16th Jan2020

‘1917’ Review

by Alex Ginnelly

Stars: Dean-Charles Chapman, George MacKay, Daniel Mays, Colin Firth, Pip Carter, Andy Apollo, Paul Tinto, Josef Davies, Billy Postlethwaite, Gabriel Akuwudike, Andrew Scott | Written by Sam Mendes, Krysty Wilson-Cairns | Directed by Sam Mendes

1917-poster

So much beauty in the filmmaking and technical aspects of the film. A mastery example of cinematography, editing, production design and directing, however there still feels something missing from this new war epic.

The now Oscar nominated and Globe Globe winning film, 1917, is directed by Sam Mendes. Mendes is a filmmaker best know now for his latest additions to the Bond franchise, Skyfall being his first and notably best effort, and more recently he directed the latest Bond film, Spectre. If you look back to Spectre you may remember it opens with one long take, one in which the camera moves freely through the streets of Mexico, into a building, up an elevator, out of a window and onto the roof. One has to wonder then if this was where Mendes suddenly sparked the idea to do a film in one signal take, that idea, wherever it originated has now formed into 1917. The story of two young British soldiers during the First World War, are given a mission to deliver a message calling off an attack. If they fail, 1,600 men will charge into a trap set out by the Germans, including one of the young soldiers’ brother. A race against time then commences across dangerous enemy territory, filmed in what looks like one continues shot.

This of course is not the first time we’ve seen this technique, recently we had the Alejandro G. Iñárritu film, Birdman, which like 1917, stitched together a collection of long takes to look like one continuous shot. There was also Victoria in 2015 that was one single shot, no smart editing or camera tricks but the actual real deal, a film in one single take. In 1917 however it’s more like 2 shots with an obvious cut about an hour into the film to help the passing of time, this trick leads into one of the most breathtaking one shots I’ve ever seen, as one of our leads must make his way through a French town while flares go off around him. It’s moments like this when you question if you’ve ever seen anything better on the big screen, and this accomplishment comes down to the masterful Roger Deakins. Deakins worked with Mendes for the first time in 2005 when the pair made Jarhead, they then worked together another two times before finally finding their way to 1917. It’s Rodger Deakins use of natural light that wraps you up in a spellbinding array of beauty that shows why he’s considered the best cinematographer of all time. This will of course surely win him his second Oscar, that he was just nominated for at the start of the week.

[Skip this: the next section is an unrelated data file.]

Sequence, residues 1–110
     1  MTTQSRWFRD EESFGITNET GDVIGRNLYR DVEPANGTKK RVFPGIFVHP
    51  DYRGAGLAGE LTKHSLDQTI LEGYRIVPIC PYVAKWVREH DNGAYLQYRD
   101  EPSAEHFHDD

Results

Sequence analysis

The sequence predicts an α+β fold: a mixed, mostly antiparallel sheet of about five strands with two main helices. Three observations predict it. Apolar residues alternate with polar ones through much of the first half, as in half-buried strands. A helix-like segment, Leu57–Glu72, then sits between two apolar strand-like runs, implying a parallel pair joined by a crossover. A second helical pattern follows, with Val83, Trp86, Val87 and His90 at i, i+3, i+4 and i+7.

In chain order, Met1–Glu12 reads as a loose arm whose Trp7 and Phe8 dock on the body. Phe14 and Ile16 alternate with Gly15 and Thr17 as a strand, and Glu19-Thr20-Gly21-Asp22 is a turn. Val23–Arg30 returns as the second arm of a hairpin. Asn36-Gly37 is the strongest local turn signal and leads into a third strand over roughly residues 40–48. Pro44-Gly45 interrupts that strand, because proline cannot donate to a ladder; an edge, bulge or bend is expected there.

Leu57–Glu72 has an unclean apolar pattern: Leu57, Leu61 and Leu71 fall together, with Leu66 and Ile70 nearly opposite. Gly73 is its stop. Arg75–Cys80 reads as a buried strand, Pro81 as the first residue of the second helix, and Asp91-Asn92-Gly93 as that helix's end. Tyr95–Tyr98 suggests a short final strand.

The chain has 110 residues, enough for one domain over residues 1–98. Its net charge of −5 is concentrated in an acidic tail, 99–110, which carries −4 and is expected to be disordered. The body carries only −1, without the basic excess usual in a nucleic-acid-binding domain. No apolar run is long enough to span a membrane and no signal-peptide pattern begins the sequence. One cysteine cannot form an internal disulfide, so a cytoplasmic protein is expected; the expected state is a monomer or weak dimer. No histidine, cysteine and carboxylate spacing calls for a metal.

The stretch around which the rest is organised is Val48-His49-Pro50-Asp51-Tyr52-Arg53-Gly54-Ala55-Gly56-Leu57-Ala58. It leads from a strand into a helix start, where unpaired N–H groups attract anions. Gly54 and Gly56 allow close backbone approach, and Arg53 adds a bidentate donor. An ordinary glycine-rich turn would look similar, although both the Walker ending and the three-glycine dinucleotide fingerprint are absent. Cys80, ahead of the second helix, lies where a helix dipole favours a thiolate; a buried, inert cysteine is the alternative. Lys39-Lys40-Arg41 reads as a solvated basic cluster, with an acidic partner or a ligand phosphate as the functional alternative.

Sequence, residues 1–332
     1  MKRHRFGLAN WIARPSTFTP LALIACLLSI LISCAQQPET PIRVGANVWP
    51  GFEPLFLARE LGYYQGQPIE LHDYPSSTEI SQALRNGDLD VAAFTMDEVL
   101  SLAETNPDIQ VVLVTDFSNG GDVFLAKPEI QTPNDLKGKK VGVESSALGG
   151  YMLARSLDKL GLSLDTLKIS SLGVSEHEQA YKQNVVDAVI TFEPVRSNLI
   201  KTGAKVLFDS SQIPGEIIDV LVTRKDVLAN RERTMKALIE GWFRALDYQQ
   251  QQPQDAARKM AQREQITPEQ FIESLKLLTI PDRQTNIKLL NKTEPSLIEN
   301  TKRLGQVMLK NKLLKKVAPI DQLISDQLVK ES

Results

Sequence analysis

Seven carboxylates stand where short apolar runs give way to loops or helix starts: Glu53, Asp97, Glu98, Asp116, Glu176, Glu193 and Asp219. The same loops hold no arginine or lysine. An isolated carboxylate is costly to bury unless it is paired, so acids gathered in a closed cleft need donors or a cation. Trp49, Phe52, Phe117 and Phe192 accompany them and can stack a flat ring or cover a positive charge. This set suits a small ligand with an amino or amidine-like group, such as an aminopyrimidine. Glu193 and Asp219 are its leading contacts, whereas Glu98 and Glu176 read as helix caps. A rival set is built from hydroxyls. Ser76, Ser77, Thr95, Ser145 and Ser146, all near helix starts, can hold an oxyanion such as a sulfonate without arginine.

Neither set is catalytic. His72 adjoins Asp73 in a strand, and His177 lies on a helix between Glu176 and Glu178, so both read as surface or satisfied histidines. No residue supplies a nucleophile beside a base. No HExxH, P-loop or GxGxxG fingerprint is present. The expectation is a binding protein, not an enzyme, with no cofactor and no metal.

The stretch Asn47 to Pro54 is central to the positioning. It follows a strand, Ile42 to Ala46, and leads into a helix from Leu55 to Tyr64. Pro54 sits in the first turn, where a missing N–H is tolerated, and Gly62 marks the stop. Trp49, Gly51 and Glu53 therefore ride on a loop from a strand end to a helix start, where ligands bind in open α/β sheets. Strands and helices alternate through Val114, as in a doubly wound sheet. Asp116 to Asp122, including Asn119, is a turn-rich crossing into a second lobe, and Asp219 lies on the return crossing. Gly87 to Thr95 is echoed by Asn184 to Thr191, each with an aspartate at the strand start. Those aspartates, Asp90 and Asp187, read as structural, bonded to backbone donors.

It’s here in the technical aspect of the film that is so breathtaking, however at times it also tied the film’s hands behind its back. There were moments where the technique effects the pacing of the film, some audience members may find it tedious and wish it would just cut to the next scene instead of watching the characters walk there. For me the one shot also worked against its self for another reason. There were times I found myself forgetting about the narrative structure of the film and solely focusing on the technique behind the camera, I never really became invested in the characters because I was in such awe of the technical achievement, and it’s not just me who feels that way.

The weakest aspect of the film is its character development and the narrative pacing, these are all problems that come down to the films script. The film seems so focused on its technical achievements in camera work and production design, (which is some of the very best production design in recent years) that it forgets all about story telling. For me however it still worked and I found myself enjoying some of the quiet moments the film has. There is a beautiful moment involving song and a rebirth, or baptism through blood and water of one of the characters, it was moments like this the film worked so powerfully.

George MacKay stands out yet again after his brilliant performance in the 2016 film, Captain Fantastic. The acting he showcases here is fantastic and captures the loss of innocence so powerfully. His eyes are haunting at times and really bring you into the heart of a young solider.

1917 is a film that must be seen on the big screen in order to appreciate the ground breaking work done behind the camera. The film isn’t without its faults and definitely lacks in a number of places, however there is something powerful at work here, and although it’s not my ‘best picture’ it’s a really good one.

**** 4/5

1917 is in cinemas now.

One Response to “‘1917’ Review”

  • Lindsay G H Hall

    Saw ‘1917’ a few days back in Reading. Visually, ‘spectacular’ does not describe it. But two glaring howlers, which would have not been such soloecisms in a movie otherwise so well attentive to period detail.
    (1) No British officer would have dreamt of shaking hands with a subordinate or anyone else without taking his glove off;
    (2) No Lance-corporal would salute a CO while not wearing a beret or cap—except in the Blues and Royals—but that was not Schofield’s regiment.
    It is astonishing that in a film so otherwise well-tailored these slips went unnoticed by the Director or the editorial crew.
    Lindsay G. H. Hall